In Auschwitz II or Birkenau, another division of the camp, the scale of the systematic suffering only multiplied. While Auschwitz I could hold about 15,000 people, Birkenau was an expansion and the largest camp of all, holding up to 90,000 at a time. You see the similar signs of oppression in its barbed-wire walls and guard towers, except here, they stretch almost as far as the eye can see as it surrounds an area that is nearly ten times the size of Auschwitz I.
As you enter Birkenau, you walk along train tracks that brought prisoners from across Nazi-occupied Europe, separated family and friends, and sent countless of innocent people to their deaths. You then continue to rows of prisoner barracks that were larger and perhaps even poorer in condition to what we had already seen. Birkenau is thought to be where 90% of Auschwitz's victims died, and it operated until the very end of Nazi power during World War II.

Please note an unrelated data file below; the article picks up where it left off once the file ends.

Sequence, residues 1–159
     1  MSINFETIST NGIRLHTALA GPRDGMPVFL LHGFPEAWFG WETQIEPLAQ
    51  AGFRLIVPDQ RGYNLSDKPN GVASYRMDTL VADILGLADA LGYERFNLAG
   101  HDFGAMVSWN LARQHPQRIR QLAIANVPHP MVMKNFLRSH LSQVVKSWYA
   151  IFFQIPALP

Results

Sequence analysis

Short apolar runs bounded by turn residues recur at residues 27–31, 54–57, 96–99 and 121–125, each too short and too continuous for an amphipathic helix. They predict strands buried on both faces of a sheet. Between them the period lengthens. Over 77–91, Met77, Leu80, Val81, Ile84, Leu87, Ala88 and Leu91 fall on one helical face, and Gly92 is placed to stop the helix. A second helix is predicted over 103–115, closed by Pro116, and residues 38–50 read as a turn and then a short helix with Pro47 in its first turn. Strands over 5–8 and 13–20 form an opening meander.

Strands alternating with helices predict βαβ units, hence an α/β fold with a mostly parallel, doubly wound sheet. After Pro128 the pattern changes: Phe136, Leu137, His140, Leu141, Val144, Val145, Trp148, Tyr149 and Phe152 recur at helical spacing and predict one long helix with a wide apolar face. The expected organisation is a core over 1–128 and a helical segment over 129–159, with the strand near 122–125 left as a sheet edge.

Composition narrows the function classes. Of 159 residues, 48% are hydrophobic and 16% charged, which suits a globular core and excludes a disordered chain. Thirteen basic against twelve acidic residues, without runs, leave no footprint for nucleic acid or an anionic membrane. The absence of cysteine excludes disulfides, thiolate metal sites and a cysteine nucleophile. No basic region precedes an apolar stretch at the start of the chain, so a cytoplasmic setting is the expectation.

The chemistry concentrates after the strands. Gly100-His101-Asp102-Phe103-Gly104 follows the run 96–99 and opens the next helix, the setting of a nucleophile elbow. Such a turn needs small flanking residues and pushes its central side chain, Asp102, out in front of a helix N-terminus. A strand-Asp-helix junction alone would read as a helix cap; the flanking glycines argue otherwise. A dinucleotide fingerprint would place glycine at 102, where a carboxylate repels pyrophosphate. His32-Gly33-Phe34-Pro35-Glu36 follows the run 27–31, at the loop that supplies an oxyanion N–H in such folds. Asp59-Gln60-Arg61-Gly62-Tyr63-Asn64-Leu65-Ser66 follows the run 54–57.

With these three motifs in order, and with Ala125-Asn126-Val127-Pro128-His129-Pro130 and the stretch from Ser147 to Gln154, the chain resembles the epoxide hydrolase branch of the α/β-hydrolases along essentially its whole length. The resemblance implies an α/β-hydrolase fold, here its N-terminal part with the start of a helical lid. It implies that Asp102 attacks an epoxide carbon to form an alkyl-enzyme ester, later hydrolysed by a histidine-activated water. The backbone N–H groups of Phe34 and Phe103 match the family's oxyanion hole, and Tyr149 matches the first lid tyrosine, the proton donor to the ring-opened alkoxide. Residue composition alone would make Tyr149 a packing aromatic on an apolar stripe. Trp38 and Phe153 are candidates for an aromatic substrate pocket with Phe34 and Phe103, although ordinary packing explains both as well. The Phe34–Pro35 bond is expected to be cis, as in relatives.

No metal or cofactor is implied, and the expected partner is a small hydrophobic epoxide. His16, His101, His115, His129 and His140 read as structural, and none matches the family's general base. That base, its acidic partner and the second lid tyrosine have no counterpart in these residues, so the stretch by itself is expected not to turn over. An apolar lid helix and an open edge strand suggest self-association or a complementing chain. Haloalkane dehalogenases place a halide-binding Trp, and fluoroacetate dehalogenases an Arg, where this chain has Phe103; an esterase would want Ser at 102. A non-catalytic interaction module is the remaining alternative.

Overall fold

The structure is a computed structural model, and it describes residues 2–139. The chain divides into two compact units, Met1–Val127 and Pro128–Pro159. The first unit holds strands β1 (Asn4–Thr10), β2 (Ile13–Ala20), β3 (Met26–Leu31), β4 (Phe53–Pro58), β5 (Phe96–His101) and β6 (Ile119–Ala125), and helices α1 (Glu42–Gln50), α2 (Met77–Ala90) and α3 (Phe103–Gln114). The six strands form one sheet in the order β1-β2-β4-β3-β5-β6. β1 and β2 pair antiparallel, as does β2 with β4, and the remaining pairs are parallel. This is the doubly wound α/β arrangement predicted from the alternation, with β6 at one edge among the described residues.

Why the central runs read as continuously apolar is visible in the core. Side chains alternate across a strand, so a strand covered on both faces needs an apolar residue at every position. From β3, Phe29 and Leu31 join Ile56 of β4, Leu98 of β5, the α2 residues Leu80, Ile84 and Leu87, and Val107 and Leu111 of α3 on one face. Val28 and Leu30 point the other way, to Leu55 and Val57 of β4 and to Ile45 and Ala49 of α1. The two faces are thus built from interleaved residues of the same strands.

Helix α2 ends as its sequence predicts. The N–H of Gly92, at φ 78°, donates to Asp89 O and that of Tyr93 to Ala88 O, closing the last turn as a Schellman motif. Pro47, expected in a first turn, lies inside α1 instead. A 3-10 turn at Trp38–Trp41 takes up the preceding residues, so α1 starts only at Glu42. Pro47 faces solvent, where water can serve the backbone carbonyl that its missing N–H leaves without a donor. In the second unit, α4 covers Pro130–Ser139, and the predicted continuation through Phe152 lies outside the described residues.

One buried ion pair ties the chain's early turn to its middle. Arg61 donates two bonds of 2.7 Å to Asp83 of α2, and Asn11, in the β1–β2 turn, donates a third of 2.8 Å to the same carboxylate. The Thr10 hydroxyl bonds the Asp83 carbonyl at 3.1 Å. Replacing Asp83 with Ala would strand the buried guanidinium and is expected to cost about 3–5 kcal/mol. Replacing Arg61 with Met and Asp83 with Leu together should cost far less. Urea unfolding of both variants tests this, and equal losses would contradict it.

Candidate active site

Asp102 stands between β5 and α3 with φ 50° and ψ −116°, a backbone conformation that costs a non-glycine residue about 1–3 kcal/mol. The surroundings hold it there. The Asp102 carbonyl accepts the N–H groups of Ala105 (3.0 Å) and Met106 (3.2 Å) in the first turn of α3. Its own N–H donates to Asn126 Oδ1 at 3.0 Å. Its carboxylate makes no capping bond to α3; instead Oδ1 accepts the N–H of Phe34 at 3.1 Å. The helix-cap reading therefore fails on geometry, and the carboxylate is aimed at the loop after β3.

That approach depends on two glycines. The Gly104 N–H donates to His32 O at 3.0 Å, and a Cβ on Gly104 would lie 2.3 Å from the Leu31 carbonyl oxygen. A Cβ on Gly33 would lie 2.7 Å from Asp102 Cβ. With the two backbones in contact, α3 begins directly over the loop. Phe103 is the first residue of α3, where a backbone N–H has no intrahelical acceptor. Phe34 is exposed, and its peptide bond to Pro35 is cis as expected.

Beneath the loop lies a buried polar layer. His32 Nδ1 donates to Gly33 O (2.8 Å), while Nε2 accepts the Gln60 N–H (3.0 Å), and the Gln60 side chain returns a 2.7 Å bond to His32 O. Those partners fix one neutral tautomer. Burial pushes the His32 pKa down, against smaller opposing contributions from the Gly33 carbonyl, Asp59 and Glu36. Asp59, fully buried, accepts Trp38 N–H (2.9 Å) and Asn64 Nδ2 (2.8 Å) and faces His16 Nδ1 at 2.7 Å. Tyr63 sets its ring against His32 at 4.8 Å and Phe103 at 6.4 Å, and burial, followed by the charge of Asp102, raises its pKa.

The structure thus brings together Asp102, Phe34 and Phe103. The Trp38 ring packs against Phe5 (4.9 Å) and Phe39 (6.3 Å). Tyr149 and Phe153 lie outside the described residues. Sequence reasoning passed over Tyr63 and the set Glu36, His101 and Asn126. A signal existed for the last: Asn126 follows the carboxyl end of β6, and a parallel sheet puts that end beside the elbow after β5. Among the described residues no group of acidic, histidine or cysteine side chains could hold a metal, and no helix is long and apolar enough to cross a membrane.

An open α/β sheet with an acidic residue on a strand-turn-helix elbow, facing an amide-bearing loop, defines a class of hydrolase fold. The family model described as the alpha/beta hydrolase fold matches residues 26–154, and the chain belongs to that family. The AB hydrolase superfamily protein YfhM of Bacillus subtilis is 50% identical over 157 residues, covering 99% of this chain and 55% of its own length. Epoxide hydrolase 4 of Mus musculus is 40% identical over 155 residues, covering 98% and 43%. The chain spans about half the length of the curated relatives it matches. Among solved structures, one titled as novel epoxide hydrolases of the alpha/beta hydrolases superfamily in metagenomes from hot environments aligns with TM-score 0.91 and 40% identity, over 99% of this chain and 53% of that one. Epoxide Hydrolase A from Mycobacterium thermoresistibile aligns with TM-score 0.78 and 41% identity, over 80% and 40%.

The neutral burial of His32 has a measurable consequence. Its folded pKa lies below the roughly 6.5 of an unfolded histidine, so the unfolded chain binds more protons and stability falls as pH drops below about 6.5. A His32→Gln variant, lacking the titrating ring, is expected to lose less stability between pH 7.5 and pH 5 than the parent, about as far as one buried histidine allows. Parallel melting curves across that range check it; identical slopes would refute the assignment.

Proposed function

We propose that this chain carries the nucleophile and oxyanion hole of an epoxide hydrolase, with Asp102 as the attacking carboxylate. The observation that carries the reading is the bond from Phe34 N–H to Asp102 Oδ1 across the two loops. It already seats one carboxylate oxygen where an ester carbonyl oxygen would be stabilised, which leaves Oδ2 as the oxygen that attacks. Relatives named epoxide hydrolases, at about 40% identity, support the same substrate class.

As Nazi defeat approached and Soviet troops advanced on the camp in 1945, the Nazis decided to evacuate Auschwitz, forcing over 60,000 people on what is now known as the Death Marches into Nazi strongholds where countless died on the journey. Before Auschwitz was abandoned, the Nazis even attempted to destroy evidence of their crimes, leaving crematoriums, gas chambers, and more as rubble remains that can still be seen today.
Despite their efforts, the Nazis failed to escape the consequences of the atrocities they committed as the Holocaust remains remembered as one of the largest genocides in history. Even when the Soviets liberated Auschwitz at the very end, what the Nazis had done was all too apparent. In the piles of corpses, hundreds of thousands of shoes and clothes, 7 tons of human hair, and 7,000 people who were close to death that were left behind, the immense suffering was clear.
Today, Auschwitz and the Holocaust are a part of a page in the book of history that has thankfully ended, but it is one that we must never stop looking back at. The Auschwitz Memorial and Museum in Poland stands as a potent reminder that what horrors occurred here must not only never happen again but also never be forgotten. However, when you look around at the world today, sometimes you have to wonder: have we learned from our mistakes?